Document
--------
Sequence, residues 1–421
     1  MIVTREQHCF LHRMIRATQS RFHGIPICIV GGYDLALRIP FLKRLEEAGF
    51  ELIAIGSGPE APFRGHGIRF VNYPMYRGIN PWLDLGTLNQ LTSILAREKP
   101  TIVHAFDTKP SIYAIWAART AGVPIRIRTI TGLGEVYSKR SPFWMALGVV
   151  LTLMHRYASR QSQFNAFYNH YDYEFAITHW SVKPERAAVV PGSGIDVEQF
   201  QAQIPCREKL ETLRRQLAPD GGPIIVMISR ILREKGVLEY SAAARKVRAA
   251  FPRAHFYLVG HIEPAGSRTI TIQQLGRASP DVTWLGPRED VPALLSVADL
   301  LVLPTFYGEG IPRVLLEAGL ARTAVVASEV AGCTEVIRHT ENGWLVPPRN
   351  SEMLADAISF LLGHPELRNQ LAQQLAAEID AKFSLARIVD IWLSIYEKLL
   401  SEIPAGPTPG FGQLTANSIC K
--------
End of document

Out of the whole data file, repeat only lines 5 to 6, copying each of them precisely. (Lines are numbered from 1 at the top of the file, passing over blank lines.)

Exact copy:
   151  LTLMHRYASR QSQFNAFYNH YDYEFAITHW SVKPERAAVV PGSGIDVEQF
   201  QAQIPCREKL ETLRRQLAPD GGPIIVMISR ILREKGVLEY SAAARKVRAA